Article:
PokemonGo launched the week I moved to Auckland, New Zealand. I’d just spent four months backpacking Southeast Asia and before that, I was living in Seoul, Korea for two years. It felt great to be back in an English speaking country, but I had no idea where I was going.
Once of the primary reasons PokemonGo is great for expats is that it encourages newbies to explore. Of course the idea of walking around like a zombie isn’t what some would deem as “exploration,” but it’s true. I promise. Each time I went outside and opened the PokemonGo app, I was been able to discover something new in my neighborhood.
I generally like to keep my eyes on my surroundings rather than stay entranced by the game on my iPhone screen. Except for the time I walked into a pole.
I wasn’t even that good at the game. I didn’t really fight in the PokemonGo gyms nor did I know the ins and outs of the game’s capabilities. It’s not like I was unable to research the information. I’d just preferred to collect them and admire my less-than-impressive Pokedex, reminiscent of the way I felt about my Pokemon card binder as a child.
In fact, I realized how uninformed I am just the other day. While walking back from the Parnell Farmer’s Market I noticed a mass group of people on the side of the road in front of our house. Cars were stopping, people were gathered and everyone was evidently catching a Pokemon. I asked a group standing nearby what was happening.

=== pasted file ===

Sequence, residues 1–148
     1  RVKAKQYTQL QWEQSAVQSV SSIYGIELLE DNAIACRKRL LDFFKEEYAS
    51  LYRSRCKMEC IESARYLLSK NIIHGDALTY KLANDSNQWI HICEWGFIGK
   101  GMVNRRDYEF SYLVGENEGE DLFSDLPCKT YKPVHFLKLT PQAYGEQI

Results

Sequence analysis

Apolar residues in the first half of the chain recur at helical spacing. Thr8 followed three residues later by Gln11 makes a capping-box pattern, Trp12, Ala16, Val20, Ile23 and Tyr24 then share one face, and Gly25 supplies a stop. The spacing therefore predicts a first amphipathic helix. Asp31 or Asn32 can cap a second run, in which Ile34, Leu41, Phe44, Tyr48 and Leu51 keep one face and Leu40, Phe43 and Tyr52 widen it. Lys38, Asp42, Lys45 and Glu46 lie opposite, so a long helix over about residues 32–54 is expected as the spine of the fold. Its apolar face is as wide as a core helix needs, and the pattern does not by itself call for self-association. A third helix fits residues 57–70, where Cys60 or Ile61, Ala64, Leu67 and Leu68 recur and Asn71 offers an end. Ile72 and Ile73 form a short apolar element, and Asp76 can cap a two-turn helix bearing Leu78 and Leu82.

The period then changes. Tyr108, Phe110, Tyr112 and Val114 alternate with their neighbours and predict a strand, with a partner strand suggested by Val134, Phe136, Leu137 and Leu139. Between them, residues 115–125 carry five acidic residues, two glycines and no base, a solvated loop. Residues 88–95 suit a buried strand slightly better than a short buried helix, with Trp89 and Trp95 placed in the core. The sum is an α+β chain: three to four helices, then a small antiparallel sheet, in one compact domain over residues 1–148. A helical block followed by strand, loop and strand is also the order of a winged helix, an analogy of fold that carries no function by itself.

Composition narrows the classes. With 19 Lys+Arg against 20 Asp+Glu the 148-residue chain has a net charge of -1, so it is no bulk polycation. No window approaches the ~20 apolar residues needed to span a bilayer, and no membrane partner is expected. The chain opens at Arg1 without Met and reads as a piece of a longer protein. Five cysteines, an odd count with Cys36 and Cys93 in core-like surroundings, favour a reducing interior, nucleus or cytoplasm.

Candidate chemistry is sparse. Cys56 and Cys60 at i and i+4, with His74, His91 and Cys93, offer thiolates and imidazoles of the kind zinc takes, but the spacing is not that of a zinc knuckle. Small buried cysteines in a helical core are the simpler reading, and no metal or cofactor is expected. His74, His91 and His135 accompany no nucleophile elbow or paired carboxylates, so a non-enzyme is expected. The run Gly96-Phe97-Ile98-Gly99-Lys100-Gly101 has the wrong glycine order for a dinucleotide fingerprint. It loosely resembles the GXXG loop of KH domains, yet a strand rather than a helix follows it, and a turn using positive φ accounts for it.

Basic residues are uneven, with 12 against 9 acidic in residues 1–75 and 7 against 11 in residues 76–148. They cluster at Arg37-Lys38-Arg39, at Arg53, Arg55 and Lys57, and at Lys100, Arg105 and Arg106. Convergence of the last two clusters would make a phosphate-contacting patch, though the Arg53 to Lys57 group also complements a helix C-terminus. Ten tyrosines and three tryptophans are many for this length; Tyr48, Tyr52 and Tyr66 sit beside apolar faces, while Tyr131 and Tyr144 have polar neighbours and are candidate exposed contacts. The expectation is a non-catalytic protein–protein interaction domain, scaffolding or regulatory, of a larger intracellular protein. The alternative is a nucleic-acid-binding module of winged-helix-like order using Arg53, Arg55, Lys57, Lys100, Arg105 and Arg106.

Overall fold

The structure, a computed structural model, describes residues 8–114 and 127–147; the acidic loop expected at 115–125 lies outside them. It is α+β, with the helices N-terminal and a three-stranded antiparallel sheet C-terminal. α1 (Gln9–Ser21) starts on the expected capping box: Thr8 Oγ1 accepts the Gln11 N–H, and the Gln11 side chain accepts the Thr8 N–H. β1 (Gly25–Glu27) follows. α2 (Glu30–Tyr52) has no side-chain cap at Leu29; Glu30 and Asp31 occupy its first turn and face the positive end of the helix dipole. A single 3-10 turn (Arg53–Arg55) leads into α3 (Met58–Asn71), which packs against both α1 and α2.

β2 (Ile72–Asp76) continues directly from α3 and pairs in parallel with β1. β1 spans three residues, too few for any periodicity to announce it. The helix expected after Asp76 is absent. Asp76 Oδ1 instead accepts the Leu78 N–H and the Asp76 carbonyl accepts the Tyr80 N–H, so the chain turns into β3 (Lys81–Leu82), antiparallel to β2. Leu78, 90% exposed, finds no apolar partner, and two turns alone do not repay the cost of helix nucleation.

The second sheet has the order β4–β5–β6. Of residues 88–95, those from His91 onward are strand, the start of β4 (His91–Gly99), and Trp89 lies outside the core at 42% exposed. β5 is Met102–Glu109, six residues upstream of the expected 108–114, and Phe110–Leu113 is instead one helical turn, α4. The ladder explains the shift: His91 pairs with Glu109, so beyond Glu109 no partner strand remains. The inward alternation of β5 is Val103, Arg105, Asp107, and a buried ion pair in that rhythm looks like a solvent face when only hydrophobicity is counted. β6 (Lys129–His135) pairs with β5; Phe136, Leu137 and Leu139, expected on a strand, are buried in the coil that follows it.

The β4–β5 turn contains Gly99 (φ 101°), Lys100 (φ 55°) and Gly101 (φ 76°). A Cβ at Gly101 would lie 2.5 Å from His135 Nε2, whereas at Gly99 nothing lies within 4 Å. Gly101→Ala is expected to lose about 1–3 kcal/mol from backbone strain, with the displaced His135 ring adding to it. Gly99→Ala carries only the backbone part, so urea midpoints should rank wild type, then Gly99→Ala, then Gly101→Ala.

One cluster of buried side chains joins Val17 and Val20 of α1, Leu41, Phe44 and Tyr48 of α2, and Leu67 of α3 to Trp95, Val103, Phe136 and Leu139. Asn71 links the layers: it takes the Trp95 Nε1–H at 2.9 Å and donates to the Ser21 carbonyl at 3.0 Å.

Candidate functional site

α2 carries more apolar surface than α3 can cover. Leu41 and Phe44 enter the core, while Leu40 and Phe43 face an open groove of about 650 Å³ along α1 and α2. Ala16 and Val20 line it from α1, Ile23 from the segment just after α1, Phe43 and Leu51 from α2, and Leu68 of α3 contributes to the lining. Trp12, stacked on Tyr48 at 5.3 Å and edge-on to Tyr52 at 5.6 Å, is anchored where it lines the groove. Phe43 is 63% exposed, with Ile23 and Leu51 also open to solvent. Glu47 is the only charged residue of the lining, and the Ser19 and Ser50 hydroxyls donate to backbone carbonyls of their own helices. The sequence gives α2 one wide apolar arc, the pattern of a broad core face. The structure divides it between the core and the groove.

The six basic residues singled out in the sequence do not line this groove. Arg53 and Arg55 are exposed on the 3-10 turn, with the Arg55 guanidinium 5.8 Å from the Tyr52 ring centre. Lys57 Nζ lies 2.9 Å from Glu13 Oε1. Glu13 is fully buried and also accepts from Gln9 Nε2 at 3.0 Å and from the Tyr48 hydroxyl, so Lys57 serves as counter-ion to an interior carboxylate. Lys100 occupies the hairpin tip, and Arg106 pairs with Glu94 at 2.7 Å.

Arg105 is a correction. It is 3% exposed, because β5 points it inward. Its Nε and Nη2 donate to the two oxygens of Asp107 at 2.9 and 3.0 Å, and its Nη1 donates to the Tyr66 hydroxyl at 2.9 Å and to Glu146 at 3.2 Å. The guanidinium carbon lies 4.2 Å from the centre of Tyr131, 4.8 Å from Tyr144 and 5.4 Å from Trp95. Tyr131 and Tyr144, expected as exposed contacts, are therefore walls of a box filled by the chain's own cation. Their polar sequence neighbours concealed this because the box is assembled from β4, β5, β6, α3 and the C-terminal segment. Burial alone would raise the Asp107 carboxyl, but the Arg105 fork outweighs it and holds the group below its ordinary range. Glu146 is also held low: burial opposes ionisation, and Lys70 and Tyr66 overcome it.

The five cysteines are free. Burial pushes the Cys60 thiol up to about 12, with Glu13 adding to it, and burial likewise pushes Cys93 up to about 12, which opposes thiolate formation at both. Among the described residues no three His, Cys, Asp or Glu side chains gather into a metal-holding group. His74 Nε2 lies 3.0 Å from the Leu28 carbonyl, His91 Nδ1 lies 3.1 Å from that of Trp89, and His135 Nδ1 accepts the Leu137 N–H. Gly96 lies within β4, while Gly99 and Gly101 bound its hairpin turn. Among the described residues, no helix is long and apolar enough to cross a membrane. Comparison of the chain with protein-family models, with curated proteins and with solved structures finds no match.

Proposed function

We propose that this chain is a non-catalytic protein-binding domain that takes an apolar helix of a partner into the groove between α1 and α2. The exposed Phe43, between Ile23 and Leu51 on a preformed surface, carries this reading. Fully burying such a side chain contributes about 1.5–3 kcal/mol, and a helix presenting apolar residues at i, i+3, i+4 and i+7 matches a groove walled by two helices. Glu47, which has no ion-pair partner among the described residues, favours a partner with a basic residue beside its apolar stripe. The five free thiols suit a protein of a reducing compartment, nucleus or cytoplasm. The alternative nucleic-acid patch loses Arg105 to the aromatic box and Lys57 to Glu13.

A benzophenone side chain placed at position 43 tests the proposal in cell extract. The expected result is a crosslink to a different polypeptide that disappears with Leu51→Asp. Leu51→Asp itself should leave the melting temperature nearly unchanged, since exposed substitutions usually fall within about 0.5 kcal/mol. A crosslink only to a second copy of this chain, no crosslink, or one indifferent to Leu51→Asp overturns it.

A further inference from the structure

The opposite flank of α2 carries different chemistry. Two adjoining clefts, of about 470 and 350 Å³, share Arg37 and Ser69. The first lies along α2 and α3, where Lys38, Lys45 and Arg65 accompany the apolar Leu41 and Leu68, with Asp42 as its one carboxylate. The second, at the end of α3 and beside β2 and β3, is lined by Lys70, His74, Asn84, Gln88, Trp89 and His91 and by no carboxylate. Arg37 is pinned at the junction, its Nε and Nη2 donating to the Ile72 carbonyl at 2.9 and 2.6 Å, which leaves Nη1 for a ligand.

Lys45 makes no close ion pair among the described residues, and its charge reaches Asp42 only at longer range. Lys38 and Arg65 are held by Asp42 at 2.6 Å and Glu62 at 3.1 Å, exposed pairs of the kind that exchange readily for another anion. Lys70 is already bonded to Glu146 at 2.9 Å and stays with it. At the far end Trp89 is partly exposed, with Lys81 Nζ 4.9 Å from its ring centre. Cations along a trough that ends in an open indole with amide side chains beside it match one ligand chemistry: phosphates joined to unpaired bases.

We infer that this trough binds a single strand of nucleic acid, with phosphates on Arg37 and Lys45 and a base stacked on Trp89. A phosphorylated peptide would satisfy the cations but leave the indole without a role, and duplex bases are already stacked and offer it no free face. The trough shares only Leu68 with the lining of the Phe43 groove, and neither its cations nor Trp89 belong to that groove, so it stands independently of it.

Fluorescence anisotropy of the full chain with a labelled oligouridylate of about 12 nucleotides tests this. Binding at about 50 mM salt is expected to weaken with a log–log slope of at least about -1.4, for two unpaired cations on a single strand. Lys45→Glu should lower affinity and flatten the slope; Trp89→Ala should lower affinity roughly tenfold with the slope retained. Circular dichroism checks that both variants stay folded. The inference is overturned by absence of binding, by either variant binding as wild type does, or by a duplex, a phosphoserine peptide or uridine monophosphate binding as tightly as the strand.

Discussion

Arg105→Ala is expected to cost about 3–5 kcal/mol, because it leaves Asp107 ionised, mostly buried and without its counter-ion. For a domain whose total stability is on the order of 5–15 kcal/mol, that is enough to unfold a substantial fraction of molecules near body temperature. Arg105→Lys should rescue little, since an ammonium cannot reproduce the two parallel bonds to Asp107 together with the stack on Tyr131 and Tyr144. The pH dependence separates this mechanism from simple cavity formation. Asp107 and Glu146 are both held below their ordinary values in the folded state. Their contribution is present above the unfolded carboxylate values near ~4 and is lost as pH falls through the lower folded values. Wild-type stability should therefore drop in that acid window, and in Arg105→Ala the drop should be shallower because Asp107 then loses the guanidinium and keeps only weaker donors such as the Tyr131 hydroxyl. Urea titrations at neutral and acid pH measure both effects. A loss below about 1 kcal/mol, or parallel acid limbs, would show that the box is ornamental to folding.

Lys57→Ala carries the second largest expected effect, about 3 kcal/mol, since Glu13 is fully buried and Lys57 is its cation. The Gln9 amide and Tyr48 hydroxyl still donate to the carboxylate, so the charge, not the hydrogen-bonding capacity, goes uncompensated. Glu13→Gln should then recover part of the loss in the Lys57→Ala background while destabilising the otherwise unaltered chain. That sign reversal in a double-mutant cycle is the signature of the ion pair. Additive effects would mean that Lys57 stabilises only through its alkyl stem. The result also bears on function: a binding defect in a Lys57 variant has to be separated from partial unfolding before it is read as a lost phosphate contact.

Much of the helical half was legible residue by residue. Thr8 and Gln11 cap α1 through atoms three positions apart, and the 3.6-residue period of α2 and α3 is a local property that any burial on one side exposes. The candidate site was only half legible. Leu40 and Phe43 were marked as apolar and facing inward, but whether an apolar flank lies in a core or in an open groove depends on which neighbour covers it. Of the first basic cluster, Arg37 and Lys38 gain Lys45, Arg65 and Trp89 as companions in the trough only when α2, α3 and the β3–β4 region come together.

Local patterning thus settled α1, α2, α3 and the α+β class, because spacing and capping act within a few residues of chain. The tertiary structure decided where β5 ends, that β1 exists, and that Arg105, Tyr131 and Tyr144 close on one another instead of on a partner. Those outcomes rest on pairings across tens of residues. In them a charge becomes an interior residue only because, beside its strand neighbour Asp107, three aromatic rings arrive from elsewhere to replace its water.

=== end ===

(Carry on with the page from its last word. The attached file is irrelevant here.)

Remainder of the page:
“There’s a Ninetail nearby,” a guy responded. “I just caught it using a raspberry and an Ultra Ball.”
“An ULTRA BALL?!” I thought. “Wait. What in the world is a Ninetail?”
Within three weeks’ time I had barely even reached level 12, let alone received an ULTRA BALL. At any rate, we had a nice chat and I was able to catch the Ninetail without using any special tricks. I noticed some of the people were discussing going to another part of town together to hunt down another rarity. I couldn’t be bothered, so I went inside.
I’m not saying PokemonGo MADE me go outside and explore my new neighborhood. I would have done that anyway. Don’t tell me walking around looking for pretend colorful phone objects isn’t fun, though. It’s a bonding experience among fellow players and enables newbies to the city a chance to explore side streets, alleyways and local monuments that may have otherwise gone undiscovered.
Don’t make fun of people for playing PokemonGo unless they’re walking into poles. Or driving straight into police cars. Or illegally crossing country borders. Or copying the game entirely (LOL, c’mon Korea.) There are some downsides to this global trend, but think about the great that’s come out of it, too.
It’s helped people get over their social anxiety, it’s inspiring others to get moving and exercise and encouraged local volunteers to help some lonely animals. As with anything in life, there’s a good and a bad side to the coin.
PokemonGo isn’t the only app for travelers and expats to discover new cities. GPSmyCity offers some amazing walking tours and travel tips for cities and towns across the globe. There are plenty of self-guided city walks available in dozens of cities across the globe. It’s an excellent way for expats to safely get acclimated with a new city. It can be downloaded in Google Play and iTunes stores today!
Whichever way you choose to explore is wonderful. Just get outside! Remember to keep an open mind but more importantly keep your eyes and ears open to your surroundings.